The fragmentation of approaches, both worldwide and within certain jurisdictions, is both indisputable and unsurprising.
For example, the web of U.S. federal and state laws and regulations has led to a complicated regulatory landscape for digital assets. This is perhaps most evident in the differing rulings of state regulators on whether certain digital asset businesses need to obtain a money transmitter license.
Moreover, policymaking and regulation of digital assets has, in some cases, been largely reactionary. In the wake of the 2018 crypto trading boom in South Korea, the Justice Ministry announced that it was planning to close the country’s exchanges amidst what it deemed speculation of cryptocurrencies. Ultimately, plans to ban exchanges were met with severe pushback and the government reversed plans to institute an outright ban. Since then, the government has largely reversed course demonstrating an increased acceptance of digital assets and blockchain, moving to regulate cryptocurrencies in line with FATF standards and provide a framework for legalization of exchanges.
Definitions and taxonomies remain a challenge.
Something as seemingly straightforward as defining blockchain, digital assets, and cryptocurrencies is, in reality, quite complex. This makes building functional regulatory frameworks challenging — and can have ripple effects throughout the standards development and implementation process.
Take for example, the definition of “blockchain” from ISO (International Organization for Standardization) and ITU-T (International Telecommunication Union’s Telecommunication Standardization Sector). ISO’s definitions notes “blockchains are designed to be tamper resistant and to create final, definitive and immutable ledger records,” whereas ITU-T’s says that blockchain is “hardened against tampering and revision.” While these differences may appear to be subtle, we may face issues as subsequent standards — for example, focused on specific technical elements or industry verticals — build upon these definitions.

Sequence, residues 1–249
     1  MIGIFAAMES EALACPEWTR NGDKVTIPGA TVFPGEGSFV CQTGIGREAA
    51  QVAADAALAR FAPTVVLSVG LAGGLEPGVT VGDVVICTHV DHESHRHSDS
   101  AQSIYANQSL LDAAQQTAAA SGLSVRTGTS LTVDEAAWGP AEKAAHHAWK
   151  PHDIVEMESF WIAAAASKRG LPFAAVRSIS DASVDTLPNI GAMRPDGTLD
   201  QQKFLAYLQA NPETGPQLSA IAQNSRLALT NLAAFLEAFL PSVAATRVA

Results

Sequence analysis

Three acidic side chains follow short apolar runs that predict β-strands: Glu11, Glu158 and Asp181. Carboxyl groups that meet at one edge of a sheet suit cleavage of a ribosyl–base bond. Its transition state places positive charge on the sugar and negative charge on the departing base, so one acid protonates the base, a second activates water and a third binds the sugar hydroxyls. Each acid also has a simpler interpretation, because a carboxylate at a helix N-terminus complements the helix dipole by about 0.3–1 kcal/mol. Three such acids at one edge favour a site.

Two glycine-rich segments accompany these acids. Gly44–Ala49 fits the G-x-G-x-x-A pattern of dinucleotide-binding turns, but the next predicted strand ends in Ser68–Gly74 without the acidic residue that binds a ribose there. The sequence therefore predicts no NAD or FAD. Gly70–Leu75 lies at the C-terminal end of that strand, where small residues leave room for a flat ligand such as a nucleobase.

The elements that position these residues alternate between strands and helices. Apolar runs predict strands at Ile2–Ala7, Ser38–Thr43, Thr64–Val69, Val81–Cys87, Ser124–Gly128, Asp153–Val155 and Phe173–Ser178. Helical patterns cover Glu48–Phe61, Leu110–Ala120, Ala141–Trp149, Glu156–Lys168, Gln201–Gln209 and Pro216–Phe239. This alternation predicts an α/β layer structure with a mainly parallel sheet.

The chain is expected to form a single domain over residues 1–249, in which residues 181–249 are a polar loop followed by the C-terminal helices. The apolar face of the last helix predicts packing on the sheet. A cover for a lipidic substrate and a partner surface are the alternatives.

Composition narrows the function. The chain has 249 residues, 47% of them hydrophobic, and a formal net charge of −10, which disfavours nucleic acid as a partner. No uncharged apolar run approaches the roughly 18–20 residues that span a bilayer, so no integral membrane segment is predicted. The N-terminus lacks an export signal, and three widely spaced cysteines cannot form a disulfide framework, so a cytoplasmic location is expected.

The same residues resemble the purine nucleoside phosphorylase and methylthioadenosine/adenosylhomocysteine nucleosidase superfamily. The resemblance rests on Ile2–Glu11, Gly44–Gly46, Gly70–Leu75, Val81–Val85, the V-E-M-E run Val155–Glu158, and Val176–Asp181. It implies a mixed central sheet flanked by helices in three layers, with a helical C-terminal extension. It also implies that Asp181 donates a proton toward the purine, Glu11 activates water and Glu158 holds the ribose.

The lack of alignment among industry players can also be confusing for regulators and policymakers, who rely on categorization and delineation for regulating blockchain and, especially, digital assets.
Taxonomies are beginning to move towards a set of common definitions thanks to industry bodies. However, confusing language remains a pain point. The broader community, and particularly industry groups, must prioritize finding greater consensus on common definitions and taxonomy.
Some standards may be premature or unnecessary.
It is, however, important to note that there may be aspects of the technology that are not yet mature enough for standardization. Moving towards standardization too early may stifle innovation or lead to skewed or adverse incentives.
Without a thoughtful strategy around their development, standards could be developed to the goals of certain companies, rather than for the benefits and needs of the wider user base.
Additionally, standards are optional by nature and blockchain network governance introduces a new set of challenges, given that philosophical debates remain and much of the adjudication happens directly within the developer community.
As such, it’s important to focus standards-setting initiatives on demand signals from industry and the technical community — and to ensure diverse representation of these actors along the way.
Looking ahead to 2021
As we move into 2021, these conversations will only become more important, and the GSMI will continue to evolve and develop beyond this initial release. Key areas of focus as the GSMI moves forward will include a deeper dive into taxonomy, an important first step in achieving greater harmonization; developing regulatory reporting and derivatives frameworks; and, continuing to update and expand jurisdictional coverage.
Blockchain is a “team sport” that will require multi-stakeholder collaboration to be successful. GSMI version 1.0 was the result of an industry-wide effort toward greater harmonization and clarity surrounding standard-setting. As the GBBC and its 2021 partners work toward developing the roadmap and working groups towards GSMI version 2.0, we encourage interested parties to get in touch with us at [email protected]